Forget Black Friday, it’s Breakthrough Thursday!

November 29, 2019 by Tali Aronsky
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This year, Hebrew University of Jerusalem researchers Professor Liran Carmel and Dr. David Gokhman received significant international attention when they gave the world its first glimpse of Denisovan, the mysterious human species that lived 100,000 years ago but went extinct.

Hebrew U’s Prof. Liran Carmel and Maayan Harel’s rendering of a young female Denisovan.    Credit: Hebrew University

Using DNA methylation maps, they reconstructed the Denisovan’s anatomy from the barest of Denisovan remains, namely the tip of a pinky bone and three teeth found in a cave in Siberia ten years ago.

Now, Carmel’s research is a finalist–the only Israeli finalist–for Science Magazine’s 2019 Breakthrough of the Year.  This award decides the most significant scientific development this year and the winner will be announced next month (December).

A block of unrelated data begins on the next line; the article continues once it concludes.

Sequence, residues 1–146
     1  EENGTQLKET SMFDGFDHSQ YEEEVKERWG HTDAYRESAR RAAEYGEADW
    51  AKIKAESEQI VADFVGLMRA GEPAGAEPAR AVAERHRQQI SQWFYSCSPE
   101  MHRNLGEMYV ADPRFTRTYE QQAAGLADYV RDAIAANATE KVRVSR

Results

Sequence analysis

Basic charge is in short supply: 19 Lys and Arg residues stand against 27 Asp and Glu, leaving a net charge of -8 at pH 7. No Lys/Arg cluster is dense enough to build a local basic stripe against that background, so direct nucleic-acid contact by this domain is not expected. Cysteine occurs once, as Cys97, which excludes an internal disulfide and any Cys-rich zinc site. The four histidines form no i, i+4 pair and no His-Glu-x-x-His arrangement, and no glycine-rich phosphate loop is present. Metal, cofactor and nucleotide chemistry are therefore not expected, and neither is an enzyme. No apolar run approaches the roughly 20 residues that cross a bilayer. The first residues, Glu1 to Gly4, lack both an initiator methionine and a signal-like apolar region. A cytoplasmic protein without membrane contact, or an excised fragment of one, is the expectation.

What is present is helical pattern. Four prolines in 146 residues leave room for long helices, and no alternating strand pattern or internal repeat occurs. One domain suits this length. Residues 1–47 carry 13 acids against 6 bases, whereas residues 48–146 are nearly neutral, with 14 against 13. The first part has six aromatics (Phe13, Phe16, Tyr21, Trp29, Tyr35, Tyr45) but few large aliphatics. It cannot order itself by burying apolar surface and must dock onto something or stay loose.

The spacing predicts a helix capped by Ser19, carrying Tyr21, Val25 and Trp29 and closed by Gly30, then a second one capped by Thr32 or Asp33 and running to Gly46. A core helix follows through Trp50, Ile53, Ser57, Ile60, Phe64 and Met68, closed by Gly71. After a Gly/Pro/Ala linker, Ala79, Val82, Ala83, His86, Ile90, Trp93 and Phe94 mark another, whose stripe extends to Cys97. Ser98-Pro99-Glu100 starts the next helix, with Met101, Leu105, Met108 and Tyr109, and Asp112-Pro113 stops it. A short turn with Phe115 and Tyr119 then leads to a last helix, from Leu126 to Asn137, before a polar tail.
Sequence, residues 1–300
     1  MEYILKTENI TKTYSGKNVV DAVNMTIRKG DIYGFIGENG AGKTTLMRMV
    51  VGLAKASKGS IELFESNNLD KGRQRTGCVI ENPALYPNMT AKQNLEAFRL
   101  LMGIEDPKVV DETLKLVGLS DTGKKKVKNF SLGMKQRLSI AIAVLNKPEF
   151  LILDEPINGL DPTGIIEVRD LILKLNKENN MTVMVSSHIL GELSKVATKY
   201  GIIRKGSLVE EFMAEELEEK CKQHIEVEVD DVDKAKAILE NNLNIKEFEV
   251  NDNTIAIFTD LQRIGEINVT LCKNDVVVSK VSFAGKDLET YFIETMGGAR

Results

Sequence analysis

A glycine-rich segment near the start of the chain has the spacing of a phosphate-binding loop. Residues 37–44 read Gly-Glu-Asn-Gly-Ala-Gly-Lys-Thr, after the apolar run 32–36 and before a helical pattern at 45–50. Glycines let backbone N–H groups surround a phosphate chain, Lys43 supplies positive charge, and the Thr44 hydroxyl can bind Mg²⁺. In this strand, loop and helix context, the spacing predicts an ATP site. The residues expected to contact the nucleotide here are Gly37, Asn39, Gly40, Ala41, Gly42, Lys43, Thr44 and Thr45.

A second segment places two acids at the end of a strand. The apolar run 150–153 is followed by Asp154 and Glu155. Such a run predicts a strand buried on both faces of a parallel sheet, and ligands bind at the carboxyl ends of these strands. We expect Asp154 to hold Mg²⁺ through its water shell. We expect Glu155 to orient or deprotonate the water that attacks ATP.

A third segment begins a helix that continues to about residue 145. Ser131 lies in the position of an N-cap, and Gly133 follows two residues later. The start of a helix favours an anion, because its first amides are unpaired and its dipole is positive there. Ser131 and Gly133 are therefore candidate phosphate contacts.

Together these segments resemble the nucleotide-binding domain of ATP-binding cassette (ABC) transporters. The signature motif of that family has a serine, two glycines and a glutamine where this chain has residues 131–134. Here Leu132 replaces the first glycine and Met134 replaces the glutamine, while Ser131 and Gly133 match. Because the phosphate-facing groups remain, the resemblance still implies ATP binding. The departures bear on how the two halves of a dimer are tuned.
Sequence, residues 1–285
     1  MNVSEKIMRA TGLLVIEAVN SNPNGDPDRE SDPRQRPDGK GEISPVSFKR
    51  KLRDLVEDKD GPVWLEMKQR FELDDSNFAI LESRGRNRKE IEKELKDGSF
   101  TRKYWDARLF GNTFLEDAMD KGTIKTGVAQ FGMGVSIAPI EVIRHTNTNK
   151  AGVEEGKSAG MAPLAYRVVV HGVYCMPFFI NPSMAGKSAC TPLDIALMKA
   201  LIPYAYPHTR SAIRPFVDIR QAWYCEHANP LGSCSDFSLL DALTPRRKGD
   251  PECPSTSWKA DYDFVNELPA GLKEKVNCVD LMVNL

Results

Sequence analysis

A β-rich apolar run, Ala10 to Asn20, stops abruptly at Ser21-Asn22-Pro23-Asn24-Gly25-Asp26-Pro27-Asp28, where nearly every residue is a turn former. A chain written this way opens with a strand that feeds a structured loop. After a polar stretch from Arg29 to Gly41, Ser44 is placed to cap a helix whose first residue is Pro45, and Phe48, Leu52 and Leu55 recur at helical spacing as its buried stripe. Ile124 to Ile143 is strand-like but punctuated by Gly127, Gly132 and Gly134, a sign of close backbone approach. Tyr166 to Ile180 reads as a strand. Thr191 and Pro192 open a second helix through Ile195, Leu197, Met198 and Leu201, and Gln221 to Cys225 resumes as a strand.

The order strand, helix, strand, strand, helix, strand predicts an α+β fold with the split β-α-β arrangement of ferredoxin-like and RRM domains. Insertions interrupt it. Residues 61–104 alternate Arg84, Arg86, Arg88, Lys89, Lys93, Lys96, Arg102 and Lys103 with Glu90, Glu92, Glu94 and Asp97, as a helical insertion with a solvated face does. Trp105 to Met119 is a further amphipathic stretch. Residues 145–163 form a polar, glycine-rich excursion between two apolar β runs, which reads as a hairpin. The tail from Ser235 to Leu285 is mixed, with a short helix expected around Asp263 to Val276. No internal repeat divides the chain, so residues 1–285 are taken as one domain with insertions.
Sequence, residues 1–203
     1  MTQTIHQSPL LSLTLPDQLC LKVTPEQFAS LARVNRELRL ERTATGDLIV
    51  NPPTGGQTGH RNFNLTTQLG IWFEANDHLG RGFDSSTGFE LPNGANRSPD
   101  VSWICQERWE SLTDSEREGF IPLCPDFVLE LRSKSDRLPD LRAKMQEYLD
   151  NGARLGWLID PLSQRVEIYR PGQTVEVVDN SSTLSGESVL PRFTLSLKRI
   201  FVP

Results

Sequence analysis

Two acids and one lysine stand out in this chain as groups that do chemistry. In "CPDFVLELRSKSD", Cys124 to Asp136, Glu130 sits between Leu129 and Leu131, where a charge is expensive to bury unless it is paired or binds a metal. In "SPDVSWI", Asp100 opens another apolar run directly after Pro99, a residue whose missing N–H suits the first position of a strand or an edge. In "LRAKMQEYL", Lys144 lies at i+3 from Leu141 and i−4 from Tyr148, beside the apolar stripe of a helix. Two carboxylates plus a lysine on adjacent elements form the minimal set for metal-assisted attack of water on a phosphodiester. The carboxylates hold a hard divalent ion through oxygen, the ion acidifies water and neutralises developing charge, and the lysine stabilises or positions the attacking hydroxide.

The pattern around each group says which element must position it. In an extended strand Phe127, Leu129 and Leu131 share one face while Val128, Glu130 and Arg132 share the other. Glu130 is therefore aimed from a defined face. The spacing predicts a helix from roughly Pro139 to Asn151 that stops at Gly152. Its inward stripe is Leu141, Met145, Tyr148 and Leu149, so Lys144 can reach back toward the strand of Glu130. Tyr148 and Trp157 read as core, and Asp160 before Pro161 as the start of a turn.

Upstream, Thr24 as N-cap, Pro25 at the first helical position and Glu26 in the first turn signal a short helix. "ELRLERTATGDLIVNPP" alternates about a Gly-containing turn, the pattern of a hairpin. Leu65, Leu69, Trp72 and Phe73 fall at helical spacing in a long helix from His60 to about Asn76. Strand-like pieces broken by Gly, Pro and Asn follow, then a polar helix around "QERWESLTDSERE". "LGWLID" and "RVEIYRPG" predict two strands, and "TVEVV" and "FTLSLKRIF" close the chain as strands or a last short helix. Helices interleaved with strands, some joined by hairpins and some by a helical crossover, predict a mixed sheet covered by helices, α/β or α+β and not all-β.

As for the accuracy of their Denisovan profile, Carmel shared, “One of the most exciting moments happened a few weeks after we sent our Cell paper to peer-review.  Scientists discovered a Denisovan jawbone!  We quickly compared this bone to our predictions and found that it matched perfectly. Without even planning on it, we received independent confirmation of our ability to reconstruct whole anatomical profiles using DNA extracted from a single fingertip.”

There is still a long way to go to uncovering our ancient human cousin’s lifestyle and habitats but Carmel and Gokhman’s findings bring us one step closer…and bring Israel one step closer to winning its first-ever Science Breakthrough Award.

The vote ends 7am (Israel Time) on Tuesday, December 3. For more information and to vote, click and choose Carmel’s thumbnail, below.


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